On the international level, the movements that advocate for women's rights and against VAW are the mixture of (civil society) actors from the domestic and regional levels. On this level, the objectives of VAW movements focus on "creating shared expectations" within the domestic and regional levels as well as "mobilizing numbers of domestic civil society" to create "standards in global civil society." The global women's movement determine to transform numbers of international conventions and conferences to "a conference on women's rights" by pushing for a "stronger language and clearer recognition" of the VAW issues. In addition, the United Nations also plays a vital role in promoting and campaigning for the VAW movements on the international level. For instance, in 2008, Ban Ki-Moon, the UN Secretary General has initiated and launched the campaign called "UniTE To End Violence Against Women." This campaign "calls on governments, civil society, women’s organizations, young people, the private sector, the media and the entire UN system to join forces in addressing the global pandemic of violence against women and girls." Moreover, this campaign also announces every 25th of the month to be "Orange Day" or "a day to take action to raise awareness and prevent violence against women and girls."
In conclusion, each level of activism is intertwined and has the common purpose to end violence against women. The activism on the local level can significantly affect the movements on the other levels: transnational and international levels. All in all, the effort on different levels lead to change that can perpetrate to all levels. In a scholarly article on Combating Violence Against Women, the authors illustrated from their research analysis on how the norms of international society can shape and influence the policy making on the domestic or national level and vice versa. They argue that there are ‘three’ mechanisms, which have effects on the making of national policies as well as global agreements and conventions. Three of which are “1) the influence of global treaties and documents such as CEDAW on women’s rights" - on the national policies "2) the influence of regional agreements on VAW (particularly after certain tipping points are reached)" - on both domestic policies and international conventions and "3) regional demonstration effects or pressure for conformity captured as diffusion within regions” - on the international norms and agreements.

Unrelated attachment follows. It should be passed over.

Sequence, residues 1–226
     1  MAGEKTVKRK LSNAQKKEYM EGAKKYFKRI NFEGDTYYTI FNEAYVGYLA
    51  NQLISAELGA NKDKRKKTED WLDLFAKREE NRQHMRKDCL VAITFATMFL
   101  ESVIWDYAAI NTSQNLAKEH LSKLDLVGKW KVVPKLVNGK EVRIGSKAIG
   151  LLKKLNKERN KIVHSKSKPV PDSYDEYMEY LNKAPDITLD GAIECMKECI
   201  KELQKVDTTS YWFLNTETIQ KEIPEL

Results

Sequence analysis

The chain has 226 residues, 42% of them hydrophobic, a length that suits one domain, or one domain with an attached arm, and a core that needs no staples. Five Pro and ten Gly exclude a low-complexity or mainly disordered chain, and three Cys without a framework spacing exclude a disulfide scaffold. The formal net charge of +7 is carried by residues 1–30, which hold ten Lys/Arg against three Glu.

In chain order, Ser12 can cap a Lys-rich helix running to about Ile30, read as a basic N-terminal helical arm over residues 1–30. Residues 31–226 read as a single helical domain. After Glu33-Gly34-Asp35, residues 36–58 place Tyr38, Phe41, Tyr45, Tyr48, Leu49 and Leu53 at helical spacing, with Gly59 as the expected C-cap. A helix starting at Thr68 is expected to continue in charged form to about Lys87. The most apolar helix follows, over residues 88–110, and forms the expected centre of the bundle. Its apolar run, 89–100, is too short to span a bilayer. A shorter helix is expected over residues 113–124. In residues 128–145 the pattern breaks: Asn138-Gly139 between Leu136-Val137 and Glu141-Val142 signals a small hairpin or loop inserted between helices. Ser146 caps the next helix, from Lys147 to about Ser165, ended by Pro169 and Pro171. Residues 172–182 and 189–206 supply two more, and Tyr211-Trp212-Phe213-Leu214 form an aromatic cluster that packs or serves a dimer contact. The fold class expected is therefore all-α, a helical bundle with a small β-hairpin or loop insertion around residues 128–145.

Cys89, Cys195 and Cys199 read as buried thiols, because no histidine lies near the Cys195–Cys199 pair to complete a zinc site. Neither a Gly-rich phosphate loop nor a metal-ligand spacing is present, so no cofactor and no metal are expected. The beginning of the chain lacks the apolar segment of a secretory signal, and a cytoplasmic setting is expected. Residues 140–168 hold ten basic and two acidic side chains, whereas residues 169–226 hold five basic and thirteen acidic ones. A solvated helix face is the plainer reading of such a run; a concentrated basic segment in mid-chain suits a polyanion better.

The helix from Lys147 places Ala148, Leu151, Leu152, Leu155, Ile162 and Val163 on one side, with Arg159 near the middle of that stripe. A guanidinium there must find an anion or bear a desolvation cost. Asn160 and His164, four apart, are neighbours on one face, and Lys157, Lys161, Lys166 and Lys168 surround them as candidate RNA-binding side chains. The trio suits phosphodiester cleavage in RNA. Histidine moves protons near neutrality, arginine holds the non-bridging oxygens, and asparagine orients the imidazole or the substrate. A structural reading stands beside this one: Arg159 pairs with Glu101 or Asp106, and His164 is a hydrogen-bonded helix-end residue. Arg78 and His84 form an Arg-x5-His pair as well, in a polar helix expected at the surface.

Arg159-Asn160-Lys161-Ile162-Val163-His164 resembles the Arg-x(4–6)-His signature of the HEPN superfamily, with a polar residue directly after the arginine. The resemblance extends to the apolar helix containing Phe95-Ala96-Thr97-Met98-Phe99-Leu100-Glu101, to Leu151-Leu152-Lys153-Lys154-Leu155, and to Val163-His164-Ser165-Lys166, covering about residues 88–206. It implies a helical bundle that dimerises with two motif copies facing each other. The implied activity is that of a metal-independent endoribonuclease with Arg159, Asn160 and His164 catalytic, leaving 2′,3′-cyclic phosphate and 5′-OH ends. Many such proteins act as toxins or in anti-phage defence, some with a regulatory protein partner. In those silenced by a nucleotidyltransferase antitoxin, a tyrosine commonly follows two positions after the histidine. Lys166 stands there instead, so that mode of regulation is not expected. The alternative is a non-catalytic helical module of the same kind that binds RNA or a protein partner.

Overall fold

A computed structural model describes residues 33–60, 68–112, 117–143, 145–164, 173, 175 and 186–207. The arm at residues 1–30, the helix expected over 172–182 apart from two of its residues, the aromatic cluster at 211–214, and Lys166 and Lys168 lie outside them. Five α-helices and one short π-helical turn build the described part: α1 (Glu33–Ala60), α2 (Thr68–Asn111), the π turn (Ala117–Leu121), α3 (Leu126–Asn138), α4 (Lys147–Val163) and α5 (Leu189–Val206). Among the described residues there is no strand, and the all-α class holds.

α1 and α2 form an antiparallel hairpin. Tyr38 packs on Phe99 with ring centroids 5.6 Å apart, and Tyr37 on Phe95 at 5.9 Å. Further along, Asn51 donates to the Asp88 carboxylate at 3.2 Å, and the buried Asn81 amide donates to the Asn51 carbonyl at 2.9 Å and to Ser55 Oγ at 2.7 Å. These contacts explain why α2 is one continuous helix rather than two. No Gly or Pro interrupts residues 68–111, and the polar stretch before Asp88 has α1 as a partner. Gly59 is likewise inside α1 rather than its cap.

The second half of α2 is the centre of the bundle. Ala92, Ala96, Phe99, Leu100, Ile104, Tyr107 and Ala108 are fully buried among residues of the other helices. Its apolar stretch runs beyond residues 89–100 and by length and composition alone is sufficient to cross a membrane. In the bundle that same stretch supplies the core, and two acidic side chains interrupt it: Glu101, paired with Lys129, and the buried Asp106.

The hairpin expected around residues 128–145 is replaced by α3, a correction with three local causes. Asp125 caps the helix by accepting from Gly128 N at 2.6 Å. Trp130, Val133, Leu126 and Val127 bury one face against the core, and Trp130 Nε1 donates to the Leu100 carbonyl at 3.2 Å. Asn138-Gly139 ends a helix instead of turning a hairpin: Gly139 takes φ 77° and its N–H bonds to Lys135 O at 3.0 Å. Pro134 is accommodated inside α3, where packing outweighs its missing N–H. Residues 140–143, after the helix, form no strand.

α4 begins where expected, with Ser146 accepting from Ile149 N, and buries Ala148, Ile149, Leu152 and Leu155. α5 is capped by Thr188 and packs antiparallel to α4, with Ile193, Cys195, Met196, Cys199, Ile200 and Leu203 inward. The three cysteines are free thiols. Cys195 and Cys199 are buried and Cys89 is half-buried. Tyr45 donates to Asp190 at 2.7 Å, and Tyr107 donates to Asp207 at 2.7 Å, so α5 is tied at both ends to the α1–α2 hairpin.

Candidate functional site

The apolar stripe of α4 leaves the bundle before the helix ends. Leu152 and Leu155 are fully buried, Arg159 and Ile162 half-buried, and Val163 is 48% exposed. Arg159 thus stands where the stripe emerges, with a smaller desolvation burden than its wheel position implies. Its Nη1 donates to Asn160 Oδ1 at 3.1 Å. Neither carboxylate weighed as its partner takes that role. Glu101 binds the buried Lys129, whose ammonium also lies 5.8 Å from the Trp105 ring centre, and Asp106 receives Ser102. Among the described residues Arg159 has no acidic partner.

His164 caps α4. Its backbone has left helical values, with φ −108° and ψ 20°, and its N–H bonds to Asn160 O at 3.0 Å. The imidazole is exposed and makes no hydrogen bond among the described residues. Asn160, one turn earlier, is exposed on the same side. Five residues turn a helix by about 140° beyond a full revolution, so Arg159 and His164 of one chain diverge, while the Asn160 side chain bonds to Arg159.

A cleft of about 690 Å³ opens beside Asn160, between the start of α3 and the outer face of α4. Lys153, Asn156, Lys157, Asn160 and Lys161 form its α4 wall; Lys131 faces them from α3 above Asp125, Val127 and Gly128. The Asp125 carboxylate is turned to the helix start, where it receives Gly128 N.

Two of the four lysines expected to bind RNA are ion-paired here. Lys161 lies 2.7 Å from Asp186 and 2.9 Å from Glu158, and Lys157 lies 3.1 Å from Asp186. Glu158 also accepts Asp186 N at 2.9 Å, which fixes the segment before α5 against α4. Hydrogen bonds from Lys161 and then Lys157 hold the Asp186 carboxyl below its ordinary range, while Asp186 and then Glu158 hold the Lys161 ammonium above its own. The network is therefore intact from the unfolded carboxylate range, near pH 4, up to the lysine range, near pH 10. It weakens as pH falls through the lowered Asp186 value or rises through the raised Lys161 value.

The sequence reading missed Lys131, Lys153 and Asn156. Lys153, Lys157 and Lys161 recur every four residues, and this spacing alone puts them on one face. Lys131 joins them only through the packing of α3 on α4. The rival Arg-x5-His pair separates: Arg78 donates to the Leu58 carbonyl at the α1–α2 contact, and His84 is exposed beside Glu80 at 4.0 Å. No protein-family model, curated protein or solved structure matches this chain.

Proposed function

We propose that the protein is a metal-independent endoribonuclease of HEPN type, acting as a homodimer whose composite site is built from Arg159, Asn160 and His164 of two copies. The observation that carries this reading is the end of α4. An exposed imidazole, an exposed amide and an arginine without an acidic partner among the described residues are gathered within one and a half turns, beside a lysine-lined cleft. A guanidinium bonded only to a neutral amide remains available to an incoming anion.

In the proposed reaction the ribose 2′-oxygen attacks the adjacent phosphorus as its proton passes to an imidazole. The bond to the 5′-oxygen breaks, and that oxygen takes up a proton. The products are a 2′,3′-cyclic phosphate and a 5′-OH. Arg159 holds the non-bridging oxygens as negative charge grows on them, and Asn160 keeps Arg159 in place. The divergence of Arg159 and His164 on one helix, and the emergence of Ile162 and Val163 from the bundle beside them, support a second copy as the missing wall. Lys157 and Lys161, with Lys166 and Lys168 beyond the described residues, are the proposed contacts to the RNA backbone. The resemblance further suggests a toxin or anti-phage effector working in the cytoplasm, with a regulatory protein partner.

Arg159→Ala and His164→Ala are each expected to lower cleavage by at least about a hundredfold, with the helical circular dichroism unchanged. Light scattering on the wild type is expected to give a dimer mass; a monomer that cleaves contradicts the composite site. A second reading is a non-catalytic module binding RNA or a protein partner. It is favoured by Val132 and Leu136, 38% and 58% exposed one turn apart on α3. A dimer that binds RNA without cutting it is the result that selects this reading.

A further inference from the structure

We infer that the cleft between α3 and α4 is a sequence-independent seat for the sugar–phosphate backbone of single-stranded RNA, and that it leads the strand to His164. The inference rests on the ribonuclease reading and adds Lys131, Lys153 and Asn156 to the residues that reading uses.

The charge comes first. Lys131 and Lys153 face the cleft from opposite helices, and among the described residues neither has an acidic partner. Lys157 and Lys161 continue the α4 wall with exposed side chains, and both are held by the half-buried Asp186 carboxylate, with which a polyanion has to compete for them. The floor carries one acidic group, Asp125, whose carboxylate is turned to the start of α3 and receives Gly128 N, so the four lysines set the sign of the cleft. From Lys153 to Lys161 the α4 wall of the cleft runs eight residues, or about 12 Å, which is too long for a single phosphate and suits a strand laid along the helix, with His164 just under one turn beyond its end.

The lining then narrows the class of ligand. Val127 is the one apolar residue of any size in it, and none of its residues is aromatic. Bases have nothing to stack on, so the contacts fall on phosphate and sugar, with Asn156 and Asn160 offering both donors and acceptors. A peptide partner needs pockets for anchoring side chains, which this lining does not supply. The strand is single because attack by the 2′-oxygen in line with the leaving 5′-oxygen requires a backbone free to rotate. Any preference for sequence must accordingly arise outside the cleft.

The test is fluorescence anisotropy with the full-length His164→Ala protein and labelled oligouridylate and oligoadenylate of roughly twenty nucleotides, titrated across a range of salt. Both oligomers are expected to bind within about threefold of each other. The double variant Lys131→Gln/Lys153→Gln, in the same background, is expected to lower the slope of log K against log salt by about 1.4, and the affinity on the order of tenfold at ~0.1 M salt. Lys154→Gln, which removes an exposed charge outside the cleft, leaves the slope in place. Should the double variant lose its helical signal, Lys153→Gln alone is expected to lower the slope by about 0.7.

On the Global level:
On the regional level:
Efforts to fight violence against women can take many forms and access to justice, or lack thereof, for such violence varies greatly depending on the justice system. International and regional instruments are increasingly used as the basis for national legislation and policies to eradicate violence against women.
The Inter-American Convention to Prevent, Eradicate and Punish Violence Against Women – also known as the Belém do Parà Convention, for instance, has been applied by the Inter-American Commission on Human Rights (IACHR) in its first case of domestic violence to condemn Brazil in the Maria da Penha case. This led the Brazilian government to enact in 2006 the Maria da Penha Law, the country’s first law against domestic violence against women. There is also, for instance, the South Asian Agreement on Regional Cooperation’s (SAARC) Protocol to End Trafficking in Women and Children.